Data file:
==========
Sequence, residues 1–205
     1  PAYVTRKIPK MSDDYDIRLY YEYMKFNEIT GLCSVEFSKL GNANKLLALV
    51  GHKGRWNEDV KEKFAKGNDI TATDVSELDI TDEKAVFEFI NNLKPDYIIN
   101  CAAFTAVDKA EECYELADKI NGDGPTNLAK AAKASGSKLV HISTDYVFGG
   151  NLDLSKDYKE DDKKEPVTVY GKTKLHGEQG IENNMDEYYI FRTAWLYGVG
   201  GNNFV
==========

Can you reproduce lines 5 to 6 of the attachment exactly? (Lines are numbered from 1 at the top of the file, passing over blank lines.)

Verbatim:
   151  NLDLSKDYKE DDKKEPVTVY GKTKLHGEQG IENNMDEYYI FRTAWLYGVG
   201  GNNFV